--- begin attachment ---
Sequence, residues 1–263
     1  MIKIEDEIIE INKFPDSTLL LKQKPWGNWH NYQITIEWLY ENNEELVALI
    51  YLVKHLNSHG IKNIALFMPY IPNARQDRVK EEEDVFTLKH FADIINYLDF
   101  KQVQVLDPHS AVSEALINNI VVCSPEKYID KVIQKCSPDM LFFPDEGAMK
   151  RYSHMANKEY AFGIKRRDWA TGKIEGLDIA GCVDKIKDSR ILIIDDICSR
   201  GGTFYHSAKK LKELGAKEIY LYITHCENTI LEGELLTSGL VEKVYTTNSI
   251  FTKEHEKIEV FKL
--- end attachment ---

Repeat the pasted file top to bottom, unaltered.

Sequence, residues 1–263
     1  MIKIEDEIIE INKFPDSTLL LKQKPWGNWH NYQITIEWLY ENNEELVALI
    51  YLVKHLNSHG IKNIALFMPY IPNARQDRVK EEEDVFTLKH FADIINYLDF
   101  KQVQVLDPHS AVSEALINNI VVCSPEKYID KVIQKCSPDM LFFPDEGAMK
   151  RYSHMANKEY AFGIKRRDWA TGKIEGLDIA GCVDKIKDSR ILIIDDICSR
   201  GGTFYHSAKK LKELGAKEIY LYITHCENTI LEGELLTSGL VEKVYTTNSI
   251  FTKEHEKIEV FKL